Food Intolerances and Diet
Children and adults with NIDS have overly reactive immune systems. Food allergens, a huge concern, can trigger both immediate and delayed allergic reactions. A critical first step in therapy should be to remove foods or supplements that may trigger reactions, which then would overstimulate the immune system, prompting it to attack the body more instead of protect it.
Problems with Allergy Testing
Unfortunately, there is no absolute test that is truly accurate in diagnosing the type of allergic food reactions that NIDS patients experience. Physicians often presume allergies are not an issue, or they make poor clinical choices without realizing the problems inherent in all food testing. Eliminating suspect foods in the diet and then slowly reintroducing them is very time consuming, but it’s the only tried and true method that can prove reactivity.
Eliminating the Negatives
For now, the healthiest way to build up a child’s immune system is to “remove the negatives.” Avoiding the most common and widespread allergens is a good first step.
• The bovine protein* in milk is the #1 allergen in the world, so that is the first food to remove.
*It is now well known that bovine protein (unlike most allergens) can
act as a super-antigen and, like a flu virus, cause the immune system to erroneously attack the pancreas, which could result in diabetes.
• The second most common allergy worldwide is to the proteins in wheat and grains. The removal of only grains containing gluten is not adequate, because substitute grains also can be very reactive. Highly processed grain products, where the protein has been broken down by certain processing methods (such as very high temperatures), are often less reactive than gluten-free products. All grains have some risk, depending on the person.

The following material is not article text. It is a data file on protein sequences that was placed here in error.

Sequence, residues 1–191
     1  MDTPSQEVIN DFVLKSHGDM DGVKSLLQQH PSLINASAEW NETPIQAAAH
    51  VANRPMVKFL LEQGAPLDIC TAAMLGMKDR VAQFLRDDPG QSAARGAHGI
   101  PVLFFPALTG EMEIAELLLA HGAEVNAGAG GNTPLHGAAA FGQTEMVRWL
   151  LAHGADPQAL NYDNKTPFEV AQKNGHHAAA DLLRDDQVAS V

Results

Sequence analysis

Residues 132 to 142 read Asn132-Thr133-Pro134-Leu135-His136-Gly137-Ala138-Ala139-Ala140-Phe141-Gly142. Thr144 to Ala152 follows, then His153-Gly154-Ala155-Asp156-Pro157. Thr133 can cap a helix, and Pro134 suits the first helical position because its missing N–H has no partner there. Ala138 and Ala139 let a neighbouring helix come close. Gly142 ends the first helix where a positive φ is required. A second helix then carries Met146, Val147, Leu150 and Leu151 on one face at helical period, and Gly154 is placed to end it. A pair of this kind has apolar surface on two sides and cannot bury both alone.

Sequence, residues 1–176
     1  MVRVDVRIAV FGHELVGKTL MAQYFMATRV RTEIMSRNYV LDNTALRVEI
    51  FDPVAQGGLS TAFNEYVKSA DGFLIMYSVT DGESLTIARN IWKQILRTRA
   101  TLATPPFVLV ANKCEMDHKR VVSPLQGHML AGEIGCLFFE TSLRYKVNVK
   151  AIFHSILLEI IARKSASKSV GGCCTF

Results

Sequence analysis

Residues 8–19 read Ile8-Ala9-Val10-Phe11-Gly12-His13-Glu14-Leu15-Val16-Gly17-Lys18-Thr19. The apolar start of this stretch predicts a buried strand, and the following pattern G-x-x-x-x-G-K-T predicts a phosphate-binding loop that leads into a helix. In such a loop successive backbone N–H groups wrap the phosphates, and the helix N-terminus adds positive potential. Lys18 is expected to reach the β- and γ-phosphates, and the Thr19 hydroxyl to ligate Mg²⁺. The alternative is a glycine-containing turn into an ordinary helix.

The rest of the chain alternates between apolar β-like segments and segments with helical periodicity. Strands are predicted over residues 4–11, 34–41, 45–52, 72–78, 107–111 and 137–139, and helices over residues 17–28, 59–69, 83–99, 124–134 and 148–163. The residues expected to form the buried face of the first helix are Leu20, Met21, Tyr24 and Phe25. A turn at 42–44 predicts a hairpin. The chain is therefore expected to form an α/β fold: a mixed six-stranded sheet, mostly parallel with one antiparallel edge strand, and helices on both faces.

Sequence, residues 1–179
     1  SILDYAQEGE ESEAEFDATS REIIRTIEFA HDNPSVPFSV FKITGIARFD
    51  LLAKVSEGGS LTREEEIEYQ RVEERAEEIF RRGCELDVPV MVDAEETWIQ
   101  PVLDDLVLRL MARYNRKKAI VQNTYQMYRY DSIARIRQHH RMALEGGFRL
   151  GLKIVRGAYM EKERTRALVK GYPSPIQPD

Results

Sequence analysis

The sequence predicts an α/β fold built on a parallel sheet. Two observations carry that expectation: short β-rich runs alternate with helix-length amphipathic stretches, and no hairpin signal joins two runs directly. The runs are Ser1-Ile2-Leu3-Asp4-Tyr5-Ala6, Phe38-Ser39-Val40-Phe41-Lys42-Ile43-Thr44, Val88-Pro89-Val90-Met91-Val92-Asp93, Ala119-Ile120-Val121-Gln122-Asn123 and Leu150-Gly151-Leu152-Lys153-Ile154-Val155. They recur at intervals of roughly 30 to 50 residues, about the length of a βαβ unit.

• The least reactive “carbs” usually are potato products. If kids are old enough, potato chips are a safer snack choice than those with grains, such as pretzels.
• Nuts are the third most common allergen and should be avoided. They are highly allergenic, can become rancid quickly, and may carry trace toxins. Additionally, most contain arginine, which feeds herpes viruses.
• The fourth most common allergen is citrus. Clinical experience, along with a suggestive indication on testing, will often guide a decision about the need to eliminate citrus fruits.
• Additional removal of foods due to intolerance depends on the child’s reactions to a food. Sometimes a food screen can be used as a guide, but it is never an absolute indicator of a positive or negative reaction.
Other Dietary Recommendations
Closely monitoring the child’s diet is an important component of NIDS treatment. Whether at home or at school, the child should avoid reactive foods, reduce carbohydrates, and limit the intake of sugar. Here are some recommendations:
• Limit the amount of “carbs” in the diet.
• Choose potatoes over grain-based carbs.
• Avoid sugar.
• Limit approved fruits to two servings per day to minimize excess sugar intake.
• Consume high quality protein, such as fish, chicken, and lean beef.
• Serve plenty of vegetables.
A basic multiple vitamin is recommended. If a deficiency is evident, an iron supplement may be added as well. Complex natural vitamins are risky and can contain contaminants or other ingredients that may be reactive. There is an inherent danger to both children and adults who consume large doses of any vitamin. Commonly referred to as mega-dosing, this practice is not recommended. Deficiencies should be replaced with appropriate pediatric dosages—never mega-doses.
If Omega supplementation is appropriate, it must be a physiologic balance of Omega 3 and 6 at minimum, via a “clean” pure pharmaceutical-grade product.
Clean Diet = Less Immune Stress
Dietary changes alone will not cure your child, because NIDS is neither a metabolic disorder, nor started by a metabolic or vitamin deficiency. Rather, a “clean” diet and appropriate nutrition are a critical part of reducing stress on a NIDS patient’s highly reactive immune system.